As part of your treatment and to, among other things, give you real-time access to your medical data, your healthcare provider offers you the online portal. Through, you can view your medical data securely and communicate securely with your healthcare provider for, among other things, making appointments or ordering (repeat) medication. also offers you, in addition to the above functionalities, the possibility to record ‘Personal Notes’ in your profile. These notes are not visible to your healthcare provider. is intended for anyone seeking information about health and illness:

  • If you want to stay healthy
  • If you want to know what you can do about your complaints
  • If you want to know how you can deal with your symptoms
  • You want to know who can help you
  • If you want to know whether you should see a doctor or general practitioner
  • You want to prepare for a conversation with your (family) physician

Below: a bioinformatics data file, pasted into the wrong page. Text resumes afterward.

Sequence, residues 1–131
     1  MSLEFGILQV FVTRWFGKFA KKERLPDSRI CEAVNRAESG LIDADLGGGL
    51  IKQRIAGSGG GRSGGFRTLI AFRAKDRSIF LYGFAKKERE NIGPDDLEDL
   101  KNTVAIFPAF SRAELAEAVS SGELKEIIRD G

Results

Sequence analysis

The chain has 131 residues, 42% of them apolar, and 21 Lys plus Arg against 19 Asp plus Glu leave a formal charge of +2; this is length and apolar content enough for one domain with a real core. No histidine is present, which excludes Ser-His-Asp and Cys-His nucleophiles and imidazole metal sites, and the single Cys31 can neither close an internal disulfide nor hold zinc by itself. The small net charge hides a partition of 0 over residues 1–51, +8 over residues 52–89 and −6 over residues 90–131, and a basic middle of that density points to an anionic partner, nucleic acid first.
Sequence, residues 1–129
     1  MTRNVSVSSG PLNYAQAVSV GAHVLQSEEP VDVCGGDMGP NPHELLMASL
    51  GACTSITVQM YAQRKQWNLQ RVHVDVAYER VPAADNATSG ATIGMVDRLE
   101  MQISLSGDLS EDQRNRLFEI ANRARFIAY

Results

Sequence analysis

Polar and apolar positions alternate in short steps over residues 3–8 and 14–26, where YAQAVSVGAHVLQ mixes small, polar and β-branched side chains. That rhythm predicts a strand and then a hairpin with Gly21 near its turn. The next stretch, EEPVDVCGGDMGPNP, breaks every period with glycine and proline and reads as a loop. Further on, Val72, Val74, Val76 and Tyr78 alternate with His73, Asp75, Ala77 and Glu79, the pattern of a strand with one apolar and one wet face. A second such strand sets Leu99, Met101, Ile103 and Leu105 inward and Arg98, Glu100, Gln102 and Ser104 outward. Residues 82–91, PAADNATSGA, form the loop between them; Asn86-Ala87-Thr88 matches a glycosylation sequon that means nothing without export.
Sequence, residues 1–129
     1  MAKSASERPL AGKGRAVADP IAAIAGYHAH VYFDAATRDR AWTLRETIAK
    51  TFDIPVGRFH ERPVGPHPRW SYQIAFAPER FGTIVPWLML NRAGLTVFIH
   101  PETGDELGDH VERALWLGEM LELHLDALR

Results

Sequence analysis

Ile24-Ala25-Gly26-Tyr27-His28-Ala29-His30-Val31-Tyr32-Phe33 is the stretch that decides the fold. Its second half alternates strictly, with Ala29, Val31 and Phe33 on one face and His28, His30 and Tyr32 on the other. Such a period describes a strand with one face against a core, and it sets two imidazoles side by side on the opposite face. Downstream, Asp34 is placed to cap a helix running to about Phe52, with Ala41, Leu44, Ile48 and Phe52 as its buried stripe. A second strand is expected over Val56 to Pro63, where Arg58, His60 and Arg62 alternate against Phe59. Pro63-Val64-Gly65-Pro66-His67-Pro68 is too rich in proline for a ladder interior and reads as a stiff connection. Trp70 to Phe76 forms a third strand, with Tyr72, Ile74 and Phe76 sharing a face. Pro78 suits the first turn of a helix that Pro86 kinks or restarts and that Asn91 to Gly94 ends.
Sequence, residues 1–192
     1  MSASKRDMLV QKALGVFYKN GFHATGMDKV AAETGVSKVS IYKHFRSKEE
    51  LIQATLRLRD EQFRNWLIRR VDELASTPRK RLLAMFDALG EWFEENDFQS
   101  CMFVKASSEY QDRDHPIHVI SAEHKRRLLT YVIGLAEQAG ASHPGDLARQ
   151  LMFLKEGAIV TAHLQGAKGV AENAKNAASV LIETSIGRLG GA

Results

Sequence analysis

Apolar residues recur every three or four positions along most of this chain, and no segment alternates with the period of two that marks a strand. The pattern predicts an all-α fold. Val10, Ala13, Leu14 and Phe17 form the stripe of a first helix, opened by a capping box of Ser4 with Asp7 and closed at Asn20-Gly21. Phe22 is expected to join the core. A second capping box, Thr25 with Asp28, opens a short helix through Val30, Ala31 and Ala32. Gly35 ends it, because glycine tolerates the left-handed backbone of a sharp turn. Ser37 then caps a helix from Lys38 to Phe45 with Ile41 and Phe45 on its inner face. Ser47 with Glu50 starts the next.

• You want to review the explanations and advice from your doctor or GP.

Doctors and other healthcare professionals use when explaining things to you.

Luscii was founded in 2018 and used a mobile app to help prevent unnecessary hospital visits and admissions for vulnerable patients by increasing access to clinical support and improving the patient experience. Luscii is now active in seven countries and has secured worldwide partnerships with Apple and Omron. 50% of Dutch hospitals are using Luscii, and it has extended its services internationally. 

The platform handled up to 15 million virtual care interactions between June and January 2020. Patients use the smartphone app to input their vital signs data (blood pressure, heart rate, ECG, emotion, pain, weight, blood glucose levels, and clinical questionnaires). These data are input directly into Luscii’s eHealth platform, an in-house developed Clinical Engine which applies AI algorithms to inform clinicians when patient conditions are deteriorating and need attention. Doctors and nurses access the data from the Luscii app directly from their EMRs.